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Spirituality v. Religion

Spirituality Religion

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#21 Cyncie

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Posted 03 August 2004 - 10:21 AM

Hambil, on Aug 3 2004, 07:37 AM, said:

Okay, since everyone seems to think that spirituality is just religion lite, and still requires belief in a higher power, what do you call belief in an inner power?
I don't think spirituality is "religion lite" at all. As a matter of fact, I think spirituality is at the heart of religion, and religion without it is empty and leads to the kind of abuses and legalities that so many people reject today.

I think we are all spiritual beings in search of a spiritual connection with something greater than ourselves. It's a relationship we seek. Spiritual people have set themselves on a path of spiritual fulfillment, to find that connection. Religions develop as an attempt to guide and direct those efforts.

However, many times the religious institutions take on a life and purpose of their own that is based on rules, systems and legalities. This leads to people substituting the religion for the spiritual quest. When that happens, the rules become more important than the journey, and people get hurt and disillusioned.

Religious institutions, however, can be based in the spiritual journey, and when they are, they can be a powerful source of support for the seeking individual.

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edit: cuz I kant spel

Edited by Cyncie, 03 August 2004 - 10:23 AM.

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#22 Lover of Purple

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Posted 03 August 2004 - 10:32 AM

This is all  my interpretation so YMMV. :)

To me spirituality is an inner belief in something, whatever that is to each person. To me it is my faith in Jesus as my savior. This belief is deep rooted and guides a my life choices.

Being "religious" is more a sign of action. You can be religious about many things in your life at one time (God, money, food, the internet or whatever), but unless it is tied to the spirituality that personbelieves it becomes only actions without conviction.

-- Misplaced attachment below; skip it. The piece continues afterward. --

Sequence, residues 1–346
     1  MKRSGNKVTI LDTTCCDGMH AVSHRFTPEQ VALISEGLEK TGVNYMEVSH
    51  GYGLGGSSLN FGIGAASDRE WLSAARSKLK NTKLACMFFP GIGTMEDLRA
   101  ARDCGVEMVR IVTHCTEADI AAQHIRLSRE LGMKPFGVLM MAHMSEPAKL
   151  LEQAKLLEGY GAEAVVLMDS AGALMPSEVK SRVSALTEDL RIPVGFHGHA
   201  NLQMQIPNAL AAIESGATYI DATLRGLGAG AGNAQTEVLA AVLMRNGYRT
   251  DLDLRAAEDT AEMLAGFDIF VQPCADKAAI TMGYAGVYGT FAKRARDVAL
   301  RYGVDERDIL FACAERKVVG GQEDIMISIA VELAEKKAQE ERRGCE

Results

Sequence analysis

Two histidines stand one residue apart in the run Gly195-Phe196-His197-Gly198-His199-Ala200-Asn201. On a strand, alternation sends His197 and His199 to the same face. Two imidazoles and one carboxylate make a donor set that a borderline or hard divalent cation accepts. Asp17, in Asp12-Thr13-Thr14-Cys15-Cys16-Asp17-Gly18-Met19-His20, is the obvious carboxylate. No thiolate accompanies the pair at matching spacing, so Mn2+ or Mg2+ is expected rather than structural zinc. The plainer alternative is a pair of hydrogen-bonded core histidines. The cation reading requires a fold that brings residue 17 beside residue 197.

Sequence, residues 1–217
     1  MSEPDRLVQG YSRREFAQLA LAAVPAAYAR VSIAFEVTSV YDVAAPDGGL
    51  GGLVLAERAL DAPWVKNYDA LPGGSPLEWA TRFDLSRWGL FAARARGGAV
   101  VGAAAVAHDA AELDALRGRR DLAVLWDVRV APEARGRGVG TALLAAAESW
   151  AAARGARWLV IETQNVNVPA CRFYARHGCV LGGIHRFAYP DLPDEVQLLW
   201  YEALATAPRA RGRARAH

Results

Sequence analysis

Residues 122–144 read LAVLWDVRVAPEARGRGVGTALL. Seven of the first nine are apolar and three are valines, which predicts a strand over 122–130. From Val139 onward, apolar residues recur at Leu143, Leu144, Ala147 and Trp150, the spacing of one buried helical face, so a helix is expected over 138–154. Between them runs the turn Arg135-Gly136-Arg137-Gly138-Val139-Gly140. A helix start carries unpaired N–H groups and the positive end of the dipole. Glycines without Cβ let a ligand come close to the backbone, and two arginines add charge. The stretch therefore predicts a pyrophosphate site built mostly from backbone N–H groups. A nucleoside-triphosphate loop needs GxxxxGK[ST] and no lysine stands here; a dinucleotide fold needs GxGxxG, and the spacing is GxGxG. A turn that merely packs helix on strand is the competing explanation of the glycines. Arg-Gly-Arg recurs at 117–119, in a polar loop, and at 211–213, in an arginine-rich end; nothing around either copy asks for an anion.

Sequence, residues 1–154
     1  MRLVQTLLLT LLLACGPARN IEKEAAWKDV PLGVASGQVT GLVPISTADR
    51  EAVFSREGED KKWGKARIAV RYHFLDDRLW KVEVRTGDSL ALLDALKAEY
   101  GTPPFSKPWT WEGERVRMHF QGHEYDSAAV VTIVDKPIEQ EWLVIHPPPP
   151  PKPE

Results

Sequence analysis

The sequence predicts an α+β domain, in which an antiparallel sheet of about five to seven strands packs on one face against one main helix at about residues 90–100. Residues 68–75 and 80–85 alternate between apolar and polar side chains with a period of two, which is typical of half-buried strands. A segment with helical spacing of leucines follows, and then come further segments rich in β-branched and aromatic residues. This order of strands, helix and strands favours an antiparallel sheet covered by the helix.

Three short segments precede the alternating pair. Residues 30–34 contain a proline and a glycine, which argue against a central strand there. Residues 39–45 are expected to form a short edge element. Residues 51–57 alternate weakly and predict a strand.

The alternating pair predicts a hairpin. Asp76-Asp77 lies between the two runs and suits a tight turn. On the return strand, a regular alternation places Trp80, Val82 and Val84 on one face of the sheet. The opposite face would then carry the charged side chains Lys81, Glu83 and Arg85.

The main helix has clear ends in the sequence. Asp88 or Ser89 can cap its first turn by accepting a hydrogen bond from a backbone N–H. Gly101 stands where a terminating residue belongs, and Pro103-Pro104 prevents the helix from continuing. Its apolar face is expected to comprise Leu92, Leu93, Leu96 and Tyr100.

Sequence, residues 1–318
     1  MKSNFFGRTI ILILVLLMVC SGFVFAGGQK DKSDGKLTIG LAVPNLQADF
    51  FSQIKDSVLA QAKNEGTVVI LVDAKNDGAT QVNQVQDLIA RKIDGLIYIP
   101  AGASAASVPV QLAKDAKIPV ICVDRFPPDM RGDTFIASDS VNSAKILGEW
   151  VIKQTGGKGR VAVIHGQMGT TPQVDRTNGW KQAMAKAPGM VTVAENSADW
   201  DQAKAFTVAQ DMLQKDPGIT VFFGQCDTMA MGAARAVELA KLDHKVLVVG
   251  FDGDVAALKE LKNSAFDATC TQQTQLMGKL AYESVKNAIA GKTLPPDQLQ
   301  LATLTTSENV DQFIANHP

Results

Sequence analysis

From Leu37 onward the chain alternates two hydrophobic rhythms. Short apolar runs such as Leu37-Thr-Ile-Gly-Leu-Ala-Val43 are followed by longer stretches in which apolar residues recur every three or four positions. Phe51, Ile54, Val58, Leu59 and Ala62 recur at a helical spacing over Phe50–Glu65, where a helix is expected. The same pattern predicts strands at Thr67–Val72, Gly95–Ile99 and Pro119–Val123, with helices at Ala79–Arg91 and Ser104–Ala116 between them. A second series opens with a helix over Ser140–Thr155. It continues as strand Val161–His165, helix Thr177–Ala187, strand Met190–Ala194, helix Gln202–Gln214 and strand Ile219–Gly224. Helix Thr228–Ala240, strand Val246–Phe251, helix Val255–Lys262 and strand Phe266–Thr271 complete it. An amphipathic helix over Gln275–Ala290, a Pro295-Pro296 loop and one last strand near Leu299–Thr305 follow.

Many churches now days are religious and not spiritual and there are still mnay that are spiritual. The problem that many run into is interacting with a non-spiritual church that just practices religion. These people are then given a "warped" view of that particular belief.


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#23 Hambil

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Posted 03 August 2004 - 10:41 AM

Let's suppose, for a moment, that I believe in the power of man. I believe that sentience and intelligence give us the tools to transcend hate, greed and all that is bad in the world. I believe that it is my duty, as a member of the human race, to understand my sentience and intelligence, to map and explore it, to expand it. I choose, rather than to believe in a God, to believe in me.

What does that make me? It can be what I consider to be very spiritual - seeking your inner self, expanding the mind and your awareness...

#24 Lover of Purple

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Posted 03 August 2004 - 10:43 AM

Hambil, on Aug 3 2004, 07:39 AM, said:

Let's suppose, for a moment, that I believe in the power of man. I believe that sentience and intelligence give us the tools to transcend hate, greed and all that is bad in the world. I believe that it is my duty, as a member of the human race, to understand my sentience and intelligence, to map and explore it, to expand it. I choose, rather than to believe in a God, to believe in me.

What does that make me? It can be what I consider to be very spiritual - seeking your inner self, expanding the mind and your awareness...
Well, as I said, a deep belief so that makes you spiritual in the power of man.

#25 Mr. Synystyr

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Posted 03 August 2004 - 11:00 AM

Here's my way of looking at it:

Faith = acceptance of something without direct evidence.

Spirituality = belief that there is more to existance than what our five physical senses reveal to us.

Religion = an organization based on faith and spirituality for the purpose of social control.

Certainly these are not official definitions of the terms, but they are what these terms represent to me.  By these definitions, I am a spiritual person, but not a religious one.

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#26 Rhys

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Posted 03 August 2004 - 11:17 AM